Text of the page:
Barrett said the “optimal strategy” for containing the spread of COVID-19 at nursing homes would be to test residents and staff simultaneously. But that’s a lot of tests — more than 50,000, according to Barrett’s estimate. Lab capacity and supply issues have hindered testing that many people for months.
But Barrett said that as the state builds its testing capacity, rolling out tests for staff across Connecticut all at once could present another problem: not enough workers.
“Given the CDC guidance … that nursing home employees who test positive won’t be able to work for at least 10 days, we are recommending an incremental approach,” Barrett said.
“We believe those staffing shortages could be as harmful or more harmful than delays in testing nursing home employees,” Barrett said. But he said facilities that think they have the readiness to test both should do so.
“We support employee testing not just for the very good reason of assuring for the protection and safety of nursing home employees, but also for their families,” Barrett said. “We also support it because … nursing home employees who show no signs of having the virus could very potentially be having it and be transmitting it in the building.”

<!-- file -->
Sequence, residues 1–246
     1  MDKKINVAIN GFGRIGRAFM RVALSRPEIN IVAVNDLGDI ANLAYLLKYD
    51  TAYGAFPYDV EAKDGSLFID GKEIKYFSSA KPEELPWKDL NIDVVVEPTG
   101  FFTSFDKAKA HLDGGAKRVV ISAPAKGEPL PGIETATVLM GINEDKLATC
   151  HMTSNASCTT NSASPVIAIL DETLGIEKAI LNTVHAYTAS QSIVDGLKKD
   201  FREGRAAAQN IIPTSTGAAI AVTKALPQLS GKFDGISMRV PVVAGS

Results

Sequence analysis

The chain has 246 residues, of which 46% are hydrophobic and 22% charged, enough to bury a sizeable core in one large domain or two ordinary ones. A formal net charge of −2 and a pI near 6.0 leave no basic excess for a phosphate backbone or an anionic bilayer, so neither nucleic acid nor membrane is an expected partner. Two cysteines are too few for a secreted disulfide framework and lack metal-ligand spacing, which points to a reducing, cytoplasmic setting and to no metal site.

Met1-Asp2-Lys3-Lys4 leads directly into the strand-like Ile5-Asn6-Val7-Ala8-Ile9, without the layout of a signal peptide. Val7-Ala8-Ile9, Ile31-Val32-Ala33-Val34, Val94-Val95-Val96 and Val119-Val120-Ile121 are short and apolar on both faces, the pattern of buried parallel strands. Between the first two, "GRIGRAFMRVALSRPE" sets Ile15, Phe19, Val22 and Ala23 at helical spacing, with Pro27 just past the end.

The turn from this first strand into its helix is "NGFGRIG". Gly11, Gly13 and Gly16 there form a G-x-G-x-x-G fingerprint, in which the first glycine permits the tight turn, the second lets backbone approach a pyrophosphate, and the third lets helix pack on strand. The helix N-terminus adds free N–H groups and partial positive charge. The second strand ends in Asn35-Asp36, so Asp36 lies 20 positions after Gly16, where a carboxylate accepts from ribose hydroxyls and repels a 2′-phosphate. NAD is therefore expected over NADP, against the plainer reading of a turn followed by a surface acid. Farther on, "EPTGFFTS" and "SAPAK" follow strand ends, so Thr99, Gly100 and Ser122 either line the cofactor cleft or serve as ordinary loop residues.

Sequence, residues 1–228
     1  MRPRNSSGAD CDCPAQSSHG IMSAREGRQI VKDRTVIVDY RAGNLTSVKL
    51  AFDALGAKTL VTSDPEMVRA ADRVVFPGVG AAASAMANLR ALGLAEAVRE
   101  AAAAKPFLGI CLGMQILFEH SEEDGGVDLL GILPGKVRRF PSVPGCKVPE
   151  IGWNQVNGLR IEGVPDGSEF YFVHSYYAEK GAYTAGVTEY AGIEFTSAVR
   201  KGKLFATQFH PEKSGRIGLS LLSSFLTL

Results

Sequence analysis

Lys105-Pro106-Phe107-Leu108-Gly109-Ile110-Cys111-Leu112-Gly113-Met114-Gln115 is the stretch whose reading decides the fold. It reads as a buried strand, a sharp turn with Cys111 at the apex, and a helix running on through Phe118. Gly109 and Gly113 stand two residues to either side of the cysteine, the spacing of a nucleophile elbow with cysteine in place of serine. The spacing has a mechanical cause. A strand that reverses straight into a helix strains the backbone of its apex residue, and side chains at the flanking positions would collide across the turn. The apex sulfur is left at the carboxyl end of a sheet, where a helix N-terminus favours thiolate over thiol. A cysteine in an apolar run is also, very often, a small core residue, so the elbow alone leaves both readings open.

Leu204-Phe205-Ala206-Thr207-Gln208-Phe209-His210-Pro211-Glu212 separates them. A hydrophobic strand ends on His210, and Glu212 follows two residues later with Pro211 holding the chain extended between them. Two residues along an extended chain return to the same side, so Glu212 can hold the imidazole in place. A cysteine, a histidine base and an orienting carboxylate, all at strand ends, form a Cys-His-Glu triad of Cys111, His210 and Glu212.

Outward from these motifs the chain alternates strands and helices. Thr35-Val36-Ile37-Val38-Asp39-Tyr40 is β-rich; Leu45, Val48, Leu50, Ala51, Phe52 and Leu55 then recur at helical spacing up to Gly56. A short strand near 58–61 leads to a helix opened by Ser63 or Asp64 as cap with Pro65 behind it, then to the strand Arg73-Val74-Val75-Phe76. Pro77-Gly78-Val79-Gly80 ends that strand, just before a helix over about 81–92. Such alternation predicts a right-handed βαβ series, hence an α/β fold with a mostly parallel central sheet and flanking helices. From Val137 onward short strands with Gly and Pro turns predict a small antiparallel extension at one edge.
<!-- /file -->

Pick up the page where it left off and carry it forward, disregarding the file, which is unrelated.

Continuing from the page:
Jesse Martin, a vice president at SEIU 1199, said Thursday that the Lamont administration has yet to present his union with a comprehensive plan about coronavirus testing.
“We haven’t seen anything in writing, or any conversations that I’ve been a party of, to talk about a regime of testing moving forward,” Martin said. “None of that prospective planning has happened from DPH or even the CDC [Centers for Disease Control and Prevention].”
“And so we’re having a lot of nursing home operators have a ton of different policies and procedures, and it’s causing a lot of confusion in our workplaces,” Martin said.
One result of that confusion, Martin said, is the current piecemeal approach to COVID-19 testing for elder care employees.
“I would say that it’s spotty at best,” Martin said Thursday. “It depends on the employer. It depends on if the employer is getting tests through the private marketplace to bring in.”
“It’s a public health issue,” Martin said. “When workers in nursing homes get sick, they don’t live in the nursing home … they bring that virus home with them and become vectors in our communities.”
Article from New England Public Radio